Cold fusion research continues, frequently under different names to counter career backlash. Looking past the choice of ‘fusion’ in describing the phenomenon helps. One term that may be more descriptive is Low Energy Nuclear Reactions, LENR.
““LENR is real experimentally, and not understood theoretically,” says David J. Nagel, an electrical and computer engineering professor at George Washington University and a former research manager at the Naval Research Laboratory.”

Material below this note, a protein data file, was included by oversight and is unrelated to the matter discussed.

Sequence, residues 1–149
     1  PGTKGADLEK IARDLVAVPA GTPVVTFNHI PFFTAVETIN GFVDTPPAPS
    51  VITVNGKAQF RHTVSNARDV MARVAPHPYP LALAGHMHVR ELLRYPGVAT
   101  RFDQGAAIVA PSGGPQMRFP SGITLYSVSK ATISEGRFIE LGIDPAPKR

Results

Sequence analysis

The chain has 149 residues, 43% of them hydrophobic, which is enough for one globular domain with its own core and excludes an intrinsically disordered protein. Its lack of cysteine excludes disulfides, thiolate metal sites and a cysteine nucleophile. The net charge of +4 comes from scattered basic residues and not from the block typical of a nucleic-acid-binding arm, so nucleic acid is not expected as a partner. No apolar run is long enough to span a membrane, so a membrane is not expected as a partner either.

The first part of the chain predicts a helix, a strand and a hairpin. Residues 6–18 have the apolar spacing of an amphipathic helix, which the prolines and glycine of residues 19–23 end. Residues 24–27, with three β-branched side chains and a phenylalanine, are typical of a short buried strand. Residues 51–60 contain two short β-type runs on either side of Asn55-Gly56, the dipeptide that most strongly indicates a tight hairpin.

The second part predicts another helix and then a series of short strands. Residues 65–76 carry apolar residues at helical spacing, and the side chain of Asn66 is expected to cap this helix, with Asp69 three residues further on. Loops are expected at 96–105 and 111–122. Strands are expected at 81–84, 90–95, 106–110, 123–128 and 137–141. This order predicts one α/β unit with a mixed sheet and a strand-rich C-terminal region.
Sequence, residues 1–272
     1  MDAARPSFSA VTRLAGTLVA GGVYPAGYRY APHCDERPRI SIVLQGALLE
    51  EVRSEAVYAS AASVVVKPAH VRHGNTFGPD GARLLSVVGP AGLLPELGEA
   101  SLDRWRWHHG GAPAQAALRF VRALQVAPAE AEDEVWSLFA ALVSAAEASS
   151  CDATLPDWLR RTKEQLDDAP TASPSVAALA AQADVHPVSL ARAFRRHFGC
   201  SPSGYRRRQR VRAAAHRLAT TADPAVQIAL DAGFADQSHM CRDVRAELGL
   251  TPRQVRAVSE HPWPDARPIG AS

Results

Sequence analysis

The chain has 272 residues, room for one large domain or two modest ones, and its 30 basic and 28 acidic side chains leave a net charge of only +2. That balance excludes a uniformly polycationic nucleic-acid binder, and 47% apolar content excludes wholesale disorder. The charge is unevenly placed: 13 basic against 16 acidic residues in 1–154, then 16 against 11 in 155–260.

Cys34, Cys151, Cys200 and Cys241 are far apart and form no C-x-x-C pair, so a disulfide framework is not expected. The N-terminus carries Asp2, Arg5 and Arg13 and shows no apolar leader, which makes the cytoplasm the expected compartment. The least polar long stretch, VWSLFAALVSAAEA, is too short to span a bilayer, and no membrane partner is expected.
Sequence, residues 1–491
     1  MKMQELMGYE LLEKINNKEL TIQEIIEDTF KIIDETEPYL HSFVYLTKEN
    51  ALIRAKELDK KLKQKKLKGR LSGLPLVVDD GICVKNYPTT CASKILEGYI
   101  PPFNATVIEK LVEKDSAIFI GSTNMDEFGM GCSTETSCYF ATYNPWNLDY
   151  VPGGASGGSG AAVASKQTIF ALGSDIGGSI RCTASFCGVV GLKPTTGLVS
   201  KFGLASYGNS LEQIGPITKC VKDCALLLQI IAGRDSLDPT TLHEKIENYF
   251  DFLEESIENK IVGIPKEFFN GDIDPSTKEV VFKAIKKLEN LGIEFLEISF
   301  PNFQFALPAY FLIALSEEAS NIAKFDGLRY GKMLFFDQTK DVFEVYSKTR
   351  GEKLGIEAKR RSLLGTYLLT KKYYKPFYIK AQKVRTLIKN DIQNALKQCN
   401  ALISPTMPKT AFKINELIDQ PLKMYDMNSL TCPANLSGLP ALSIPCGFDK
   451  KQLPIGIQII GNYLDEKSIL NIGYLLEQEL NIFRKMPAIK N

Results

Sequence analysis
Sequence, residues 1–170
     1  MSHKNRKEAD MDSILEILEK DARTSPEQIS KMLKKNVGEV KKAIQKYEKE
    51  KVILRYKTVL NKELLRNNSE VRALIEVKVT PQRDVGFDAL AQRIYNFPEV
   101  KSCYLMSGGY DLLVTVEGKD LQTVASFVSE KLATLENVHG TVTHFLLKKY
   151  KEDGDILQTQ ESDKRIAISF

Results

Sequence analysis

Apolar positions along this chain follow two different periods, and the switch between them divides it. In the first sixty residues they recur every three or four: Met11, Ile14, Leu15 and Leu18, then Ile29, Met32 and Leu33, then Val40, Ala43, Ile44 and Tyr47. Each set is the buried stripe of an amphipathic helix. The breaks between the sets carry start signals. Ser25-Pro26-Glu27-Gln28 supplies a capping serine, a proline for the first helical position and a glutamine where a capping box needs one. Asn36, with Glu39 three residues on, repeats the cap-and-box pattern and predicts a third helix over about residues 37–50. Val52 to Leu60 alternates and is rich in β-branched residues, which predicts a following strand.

The results have been replicated, more energy coming out of the system than goes in; but no theoretical explanation is generally accepted. In similar fashion, Newton was able to describe the equation for gravity without knowing how it worked. The potential from such systems is an energy source that is only 1% to 10% the cost of existing energy. That’s the draw. The hurdles are many: damaged careers, secrecy intended to only reveal answers with high confidence (which can look like shady schemes even if they aren’t), lack of resources, and the ability to transfer the heat energy into electrical energy. One company, Brilliant Light Power, has cleared many of those hurdles and claims it will generate power and profit by the end of 2017. They won’t be the first to make such claims, and yet, experiments suggest someone will eventually be the first to succeed. The physics may follow the practical applications. Until then, the phenomenon provides roughly equal doses of hope and doubt.
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